Figure 1

Stress-strain and Young's modulus-strain curves. (a) Stress-strain curve from a 7.7 mm length sample of open cell PU foam (0.09 used to model very low density human cancellous bone and (b) the Young's modulus determined from it as the gradient of the curve. The yield point is defined by the point at which the Young's modulus decreases by 3% from its maximum value. The area under the stress-strain curve up to the yield point is defined as the energy absorbed to yield.

Table 1 summarises the differences in values for Young's modulus, yield strength and energy absorbed to yield between the 3.9 mm and 7.7 mm length PU foam cylinders. Significant differences were detected in the Young's modulus between 3.9 mm and 7.7 mm length PU foam cylinders for all three PU foam densities (p < 0.05). No significant differences were detected in the yield strength between 3.9 mm and 7.7 mm length PU foam cylinders for all three PU foam densities. For the energy absorbed to yield, significant differences (p < 0.05) were detected between 3.9 mm and 7.7 mm length PU foam cylinders for 0.16 and 0.32 PU foam, but not for the 0.09 PU foam.
Table 1

Young's modulus (E), Yield strength and Energy absorbed to yield for PU foam cylinders under compression

9 mm Diameter PU Foam Cylinder

Mean E(MPa)

Median E(MPa)

Mean Yield Strength (MPa)

Median Yield Strength (MPa)

Mean Energy Absorbed to Yield (kJ.m-3)

Median Energy Absorbed to Yield (kJ.m-3)

0.09 density foam


   3.9 mm length

0.3 (0.2)


0.02 (0.01)


0.8 (0.6)


   7.7 mm length

0.7 (0.2)


0.04 (0.02)


1.5 (1.4)


0.16 density foam


   3.9 mm length

19 (3)


1.0 (0.1)


27.3 (10.0)


   7.7 mm length

41 (3)


1.1 (0.1)


10.6 (2.7)


0.32 density foam


   3.9 mm length

66 (13)


3.6 (0.5)


96.6 (47.9)


   7.7 mm length

145 (6)


3.3 (0.9)


26.5 (14.4)


The figure in brackets following the mean is the standard deviation (SD).

Table 2 summarises the median values for Young's modulus, yield strength and energy absorbed to yield, found from Li and Aspden's study that investigated the mechanical properties of human OP bone [14]. A direct comparison can be made between the values in Table 2 and the corresponding mechanical property values, for the 7.7 mm PU cylinder length, in Table 1. Table 2 includes the ranges of the 5% to 95% confidence limits from Li & Aspden's study; the ranges were extracted from box plots and are only approximate values.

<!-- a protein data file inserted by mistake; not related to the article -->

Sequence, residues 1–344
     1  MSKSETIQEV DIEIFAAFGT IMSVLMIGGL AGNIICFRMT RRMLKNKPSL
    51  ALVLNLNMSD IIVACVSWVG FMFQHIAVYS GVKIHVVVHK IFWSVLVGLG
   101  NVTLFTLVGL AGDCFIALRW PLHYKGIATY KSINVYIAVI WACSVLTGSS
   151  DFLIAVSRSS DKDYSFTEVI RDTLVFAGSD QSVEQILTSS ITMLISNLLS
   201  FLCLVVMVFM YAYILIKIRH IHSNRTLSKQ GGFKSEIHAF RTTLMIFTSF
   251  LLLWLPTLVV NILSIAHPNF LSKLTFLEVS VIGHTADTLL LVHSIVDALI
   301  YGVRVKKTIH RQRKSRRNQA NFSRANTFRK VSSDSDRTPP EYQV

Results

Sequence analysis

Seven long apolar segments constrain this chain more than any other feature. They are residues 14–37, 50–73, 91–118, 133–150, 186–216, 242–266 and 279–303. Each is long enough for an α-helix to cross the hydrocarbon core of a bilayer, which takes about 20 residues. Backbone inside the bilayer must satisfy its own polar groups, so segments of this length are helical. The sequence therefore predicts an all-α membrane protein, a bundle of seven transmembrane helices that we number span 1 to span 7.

Table 2

Summary of mechanical properties obtained from Li & Aspden's study

Material Property

OP Bone

Normal Bone

E (MPa)




50 – 410

40 – 460

Yield strength (MPa)




0.6 – 5.8

0.4 – 9.0

Energy absorbed to yield (kJ.m-3)




2 – 52

2 – 90

Median values and approximate ranges of the 5% – 95% confidence limits from Li & Aspden's study on the mechanical properties of human cancellous bone specimens (diameter: 9 mm, mean cylinder length: 7.7 mm) from OP femoral heads [14].


The purpose of this work was to determine whether any low density PU foam (open cell or closed cell) might be suitable as a mechanical model for human OP cancellous bone. To the authors' knowledge, this is the only paper that has compared the mechanical properties of PU foams with results from bone [14] using exactly the same methods. The study results provide evidence that at least one out of the three foams tested can be a potential model for OP bone. The results for each density of PU foam are discussed in the following paragraphs.

The 0.09 PU foam, used to model very low density bone in this study, is much weaker than the OP bone investigated by Li and Aspden [14]. Tables 1 and 2 show that values of Young's modulus, yield strength and energy absorbed to yield, for the 0.09 PU foam, are below the range of Li and Aspden's results. These findings may highlight a difficulty in using open cell PU foam to model OP cancellous bone. The problems associated with modelling OP bone are discussed later.

For the 0.16 and 0.32 PU foam used in this study, the range of the Young's modulus and yield strength was 15.1–151.4 MPa (Young's modulus) and 0.9–4.5 MPa (yield strength). The literature has reported the Young's modulus of human cancellous bone to vary within the range of 1.1–9800 MPa [20, 21, 22], and includes human cancellous bone located across the tibia, vertebral bodies and humerus, whilst the yield strength is reported to differ within the range of 0.6–17.5 MPa [23, 24], accounting for cancellous bone within the vertebra, tibia and femur. Results for the 0.16 and 0.32 PU foam used in this study are within these ranges quoted above; this agreement is to be expected because foams with this density are intended to meet the ASTM standard [1]. However, use of 0.32 PU foam as a "normal" bone model can be justified to a greater extent than the 0.16 PU foam; the 0.32 PU foam gave similar values for Young's modulus and yield strength between this study and Li and Aspden's work on normal bone.

It is difficult to categorise the 0.16 PU foam as a "normal" or OP bone model. Young's modulus values for the 0.16 foam are close to the 5% confidence limits of 40 and 50 MPa for normal and OP bone respectively [14]. In addition, yield strength values for the 0.16 foam are close to the 5% confidence limits of 0.4 and 0.6 MPa for normal and OP bone respectively [14]. These findings suggest that the 0.16 PU foam may prove suitable as an OP bone model for mechanical testing that is concerned with fracture stress.